Turkish Journal of Earth Sciences




The oxygen and carbon isotope compositions of carbonate samples from the carbonatite-like dyke of the Madenska River complex at the Kriva Lakavica section, samples of calcite skarns from the Damjan Fe-ore deposit and the Sasa Pb-Zn ore deposit, and samples of marbles from the Pohorje Mountains were analyzed to provide critical evidence in favor of the magmatic or sedimentary origin of this carbonatite-like dyke. We suggest that the carbonatite-like dyke is not a "normal" carbonatite, but instead represents melted carbonates, which can be associated with an unexposed, deep-seated, causative magmatic body. This dyke has a fluidal texture and carries xenoliths of ultramafic rocks that can be up to 35 cm in size. Its isotopic composition plots between primary unaltered carbonatites and marine carbonates, and ranges between 13.79? and 18.89? for Δ18OVSMOW and between -1.22? and 1.31? for Δ13CVPDB. These values are significantly lower than those observed in carbonatites analyzed during this study and range between 6.53? and 8.10? for δ18OVSMOW and between -5.82? and -4.32? for Δ13CVPDB, which is the primary isotope signature of most magmatic carbonatites. Similarly high δ18O and Δ13C values were found in skarns of the Damjan Fe deposit close to the Madanska River complex and in the Sasa Pb-Zn deposit, as well as in high-grade regional metamorphic calcitic marbles of the Pohorje massive. The emplacement levels of the carbonatite-like dyke, due to several tectonic processes, are uncertain. The type of country rocks (sedimentary carbonates, ultramafic, mafic, and granitic rocks), hydrothermal alternation, and metasomatic and regional metamorphic processes seem to be the most important parameters that affect the O and C isotopic patterns found in the Kriva Lakavica carbonatite-like dyke and in the investigated samples.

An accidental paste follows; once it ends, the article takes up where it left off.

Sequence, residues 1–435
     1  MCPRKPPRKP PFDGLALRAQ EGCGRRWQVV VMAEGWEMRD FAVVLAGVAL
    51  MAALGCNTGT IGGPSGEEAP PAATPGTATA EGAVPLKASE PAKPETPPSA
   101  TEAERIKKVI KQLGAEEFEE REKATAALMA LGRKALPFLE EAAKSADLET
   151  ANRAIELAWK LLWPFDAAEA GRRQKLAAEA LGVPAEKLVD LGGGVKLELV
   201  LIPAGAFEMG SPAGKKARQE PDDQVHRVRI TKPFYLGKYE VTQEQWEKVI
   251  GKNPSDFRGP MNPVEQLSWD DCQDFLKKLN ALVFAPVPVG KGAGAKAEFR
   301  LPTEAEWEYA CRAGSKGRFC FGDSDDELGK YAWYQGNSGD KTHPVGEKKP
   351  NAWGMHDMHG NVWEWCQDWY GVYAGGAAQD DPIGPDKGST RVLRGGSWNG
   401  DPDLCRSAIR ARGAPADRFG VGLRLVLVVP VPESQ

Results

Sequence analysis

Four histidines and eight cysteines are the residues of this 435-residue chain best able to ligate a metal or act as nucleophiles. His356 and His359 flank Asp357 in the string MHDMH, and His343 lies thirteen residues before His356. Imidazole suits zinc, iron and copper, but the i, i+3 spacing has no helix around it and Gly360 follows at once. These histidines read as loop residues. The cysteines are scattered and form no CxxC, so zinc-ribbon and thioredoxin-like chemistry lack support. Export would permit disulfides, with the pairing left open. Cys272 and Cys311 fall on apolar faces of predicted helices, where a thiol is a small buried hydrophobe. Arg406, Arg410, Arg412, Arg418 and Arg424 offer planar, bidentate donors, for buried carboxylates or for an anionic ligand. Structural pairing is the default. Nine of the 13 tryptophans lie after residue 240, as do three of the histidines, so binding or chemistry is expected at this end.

Carbonatite-like dyke, carbonatite, skarn, marble, stable O and C isotopes, Republic of Macedonia

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